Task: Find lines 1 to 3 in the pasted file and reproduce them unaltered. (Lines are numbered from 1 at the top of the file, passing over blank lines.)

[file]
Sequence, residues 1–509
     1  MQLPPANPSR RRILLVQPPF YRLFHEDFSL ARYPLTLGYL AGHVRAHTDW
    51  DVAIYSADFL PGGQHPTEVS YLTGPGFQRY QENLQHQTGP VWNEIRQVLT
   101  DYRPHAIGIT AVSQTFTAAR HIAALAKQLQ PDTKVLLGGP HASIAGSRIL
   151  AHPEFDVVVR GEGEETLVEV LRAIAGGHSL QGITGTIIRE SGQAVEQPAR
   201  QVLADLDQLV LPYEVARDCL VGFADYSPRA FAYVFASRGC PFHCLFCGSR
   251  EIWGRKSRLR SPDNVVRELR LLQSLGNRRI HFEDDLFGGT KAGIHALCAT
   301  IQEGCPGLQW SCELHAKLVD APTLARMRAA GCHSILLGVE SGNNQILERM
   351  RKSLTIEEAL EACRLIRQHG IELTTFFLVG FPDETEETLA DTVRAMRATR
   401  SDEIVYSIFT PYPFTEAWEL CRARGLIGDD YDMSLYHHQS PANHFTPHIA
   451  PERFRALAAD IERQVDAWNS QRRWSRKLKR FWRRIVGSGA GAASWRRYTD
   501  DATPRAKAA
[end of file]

Sequence, residues 1–509
     1  MQLPPANPSR RRILLVQPPF YRLFHEDFSL ARYPLTLGYL AGHVRAHTDW
    51  DVAIYSADFL PGGQHPTEVS YLTGPGFQRY QENLQHQTGP VWNEIRQVLT